The Big Issue with Coaching Quadrant II…you can, but should you?

“Yes, we can.”

We have the resources. We went to the class. We read the book. We can do it. That’s right, with just a little information, we can add something new and pretty to our system.

Just because we “can,” doesn’t mean we should (Jurassic Park in a nutshell)

And, really, that is the problem. In Quadrant II, everything probably works. Now, I have made my career insisting that “everything works” and, suddenly, I become “this guy.” Now, before you abandon me due to my lack of commitment, let me defend myself:

This is the problem with Quadrant II activities like the collision sports and collision occupations: everything only probably works as assessing what goes right and what goes wrong in QII is, at best, guesswork. The very nature of QII with the sheer volume of qualities necessary just to show up and the high level of these qualities makes it tough to see whether or not this new idea, plan, supplement, program or concept is really making a difference.

Here is the rub: your competition may have started doing it, so you, and the program, need to ask some tough questions. If my opponents are adding this and that, do I need to add this or that? Or, do we have a different situation and a different vision, so we don’t need to add anything at this time? Or, maybe, and this is often the case, this new idea is idiotic and we can save a lot of time and energy ignoring it.

The first thing that amazes you when you come into some Division One or professional sports teams training facilities is that you see, well, everything! Machines, Kettlebells, med ball, ropes, climbers, rowing machines, Cross Country Ski Machines and I can go on and on here. To recruit high school kids, one University coach told me they invested in a $25,000 machine that they never used; it simply looked like something that would make you better. Why? Why do these programs invest so much into Strongman gear and Olympic bars then never use them after about a week or so?

The answer is usually “everybody else is doing this.” To keep up, we need to add this and that and this. Does it work? Well, who would ever know as three months later we have the newest brightest toy in the store? QII, then, demands a special kind of thinking:

Managing Compromises.

Literally, one can do anything and it may or may not work. But, listen to this: if you spend a lot of time on this new shiny idea, how do we keep doing what got us here? Welcome to compromises. Let’s talk.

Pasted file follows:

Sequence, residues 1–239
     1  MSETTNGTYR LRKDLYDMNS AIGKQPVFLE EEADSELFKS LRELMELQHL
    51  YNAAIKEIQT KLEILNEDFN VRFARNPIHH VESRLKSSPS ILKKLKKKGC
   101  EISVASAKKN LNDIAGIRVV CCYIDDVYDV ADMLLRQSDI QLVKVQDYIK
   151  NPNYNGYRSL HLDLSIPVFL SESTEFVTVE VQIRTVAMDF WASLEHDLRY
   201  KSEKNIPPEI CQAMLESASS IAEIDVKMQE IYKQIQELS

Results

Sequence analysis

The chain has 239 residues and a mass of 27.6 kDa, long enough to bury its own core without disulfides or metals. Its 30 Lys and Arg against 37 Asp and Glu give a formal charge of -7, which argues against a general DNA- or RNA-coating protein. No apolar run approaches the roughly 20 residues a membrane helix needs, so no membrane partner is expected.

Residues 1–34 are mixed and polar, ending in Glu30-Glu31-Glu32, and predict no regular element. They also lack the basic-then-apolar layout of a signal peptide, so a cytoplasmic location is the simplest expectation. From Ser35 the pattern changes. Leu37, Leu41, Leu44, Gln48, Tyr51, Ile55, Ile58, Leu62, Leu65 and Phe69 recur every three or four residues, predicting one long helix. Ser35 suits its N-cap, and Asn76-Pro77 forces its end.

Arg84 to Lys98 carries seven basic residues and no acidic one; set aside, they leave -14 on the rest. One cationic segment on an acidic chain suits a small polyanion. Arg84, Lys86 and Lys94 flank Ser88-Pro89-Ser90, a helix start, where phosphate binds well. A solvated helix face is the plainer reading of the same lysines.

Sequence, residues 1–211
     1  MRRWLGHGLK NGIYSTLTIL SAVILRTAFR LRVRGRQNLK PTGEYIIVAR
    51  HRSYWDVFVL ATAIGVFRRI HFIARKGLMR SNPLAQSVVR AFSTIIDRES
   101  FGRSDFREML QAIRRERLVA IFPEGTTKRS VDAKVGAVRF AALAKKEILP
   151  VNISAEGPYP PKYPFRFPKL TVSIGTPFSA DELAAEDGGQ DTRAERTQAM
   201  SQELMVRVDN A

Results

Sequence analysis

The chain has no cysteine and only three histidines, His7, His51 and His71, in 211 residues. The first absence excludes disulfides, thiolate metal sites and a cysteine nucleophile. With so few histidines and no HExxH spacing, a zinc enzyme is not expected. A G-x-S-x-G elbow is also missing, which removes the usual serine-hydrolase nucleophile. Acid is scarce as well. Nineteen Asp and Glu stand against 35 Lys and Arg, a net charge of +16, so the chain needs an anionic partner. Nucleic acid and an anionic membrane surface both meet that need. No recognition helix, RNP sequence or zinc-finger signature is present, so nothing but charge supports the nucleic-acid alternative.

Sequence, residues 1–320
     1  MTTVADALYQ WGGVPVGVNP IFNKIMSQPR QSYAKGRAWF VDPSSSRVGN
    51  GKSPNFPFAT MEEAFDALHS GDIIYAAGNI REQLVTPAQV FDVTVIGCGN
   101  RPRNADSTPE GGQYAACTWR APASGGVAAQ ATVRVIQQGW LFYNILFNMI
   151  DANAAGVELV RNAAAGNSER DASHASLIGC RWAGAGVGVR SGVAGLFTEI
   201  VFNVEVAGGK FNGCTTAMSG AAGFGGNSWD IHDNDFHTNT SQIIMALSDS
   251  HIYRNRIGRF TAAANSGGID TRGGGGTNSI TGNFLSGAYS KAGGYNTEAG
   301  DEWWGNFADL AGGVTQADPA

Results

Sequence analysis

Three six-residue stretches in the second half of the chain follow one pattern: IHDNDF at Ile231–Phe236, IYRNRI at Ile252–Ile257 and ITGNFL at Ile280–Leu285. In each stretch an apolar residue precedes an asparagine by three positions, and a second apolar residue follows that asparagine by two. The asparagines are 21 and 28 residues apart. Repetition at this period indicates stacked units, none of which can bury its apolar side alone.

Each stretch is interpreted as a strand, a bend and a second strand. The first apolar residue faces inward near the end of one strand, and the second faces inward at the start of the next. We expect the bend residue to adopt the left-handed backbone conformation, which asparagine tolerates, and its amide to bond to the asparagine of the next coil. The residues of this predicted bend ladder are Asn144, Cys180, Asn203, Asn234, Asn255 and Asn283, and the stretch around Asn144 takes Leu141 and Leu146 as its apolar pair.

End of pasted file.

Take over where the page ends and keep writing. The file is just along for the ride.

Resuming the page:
Before I get going here, I am going to be referencing American Football. There is a good reason to do this as most team strength training can find some of its roots (or grossest errors) in this sport. Along with this new generations of fighters and the elite special forces, football strength training seems to be the poster child for hard core, bad ass training. I am surprised, to be honest, to have seen bodybuilding slip back a bit this past decade, but I think that bodybuilding will still have some grasp of the young male teen crowd and the “get back into shape” group. For QII lifestyles, bodybuilding work only works with the genetic superstars, most of us need more complex work. So, I will be referencing American Football. Now, if you don’t understand it and it makes no sense when you watch it, fine, as I am striving to make some key points here and it’s the general points that are important.

It never fails when the Super Bowl is on that someone will tell me that all Team X needs to do is “something like this” or “this play we used to do.” It is laughable, of course, as the NFL teams run so many things that I can guarantee that “Old 97, the play that won the 1926 Rose Bowl” is going to be in the playbook somewhere. What most fans don’t realize is that football teams literally can’t go from this fun thing to that new idea very quickly.

Not long ago, the football world was turned upside down by the University of Utah’s Spread Offense. Urban Meyer, along with an outstanding coaching staff that is always forgotten when discussing the success of Meyer at Utah and Florida, changed the landscape of college football by sending people all over the field and mixing the passing offense with option football. Other systems, like “The System” emerged at the same time and many teams adopted the style. There are other offenses, like the Veer. The Veer demands that your offensive lineman take three steps downfield and, well, let Bob Ladouceur, Spartan Head Football Coach at De La Salle High School in California, explain it:

“I think your priority unit should be
your offensive line. I coach the
offensive line and I want everyone
to know this is where our priority
is for our personnel. All of our
kids come to me telling me they want
to play defense. I tell them they
cannot play defense until they
establish themselves as an offensive
player. Nothing is more demoralizing
to a team than to have an offense
move the ball down the field on them
by running the ball and controlling
the football.
It happens to us when
a team starts making first downs on
us. They start to get an edge as far
as their confidence to win the game.”

The upside of running the Veer, and DSL’s 151 win streak indicates it works, is that your offensive line become your defense. I have coached against it and it kills you to watch the opponent just take the steam out of you. But, getting behind with the Veer is also an issue: how do you score fast?

So, we are standing there as a coaching staff, you and me gentle reader preparing our finest pre-game talks, and a dad yells from the stands “you need to throw the ball more.” Well, and if you run The System, this requires my offensive lineman to step back three steps after each snap.

Veer: drive forward three steps each play.
The System: step back three steps each play.

There is nothing right or wrong about either style. But, if you want success, you either spend a year teaching the kids to drive forward or step back. Doing both, well, that makes you stand still!

It took me a while to get here, but I hope you see the point: you CAN do anything in QII and it might help. But, honestly, the key principle to success is Managing Compromises.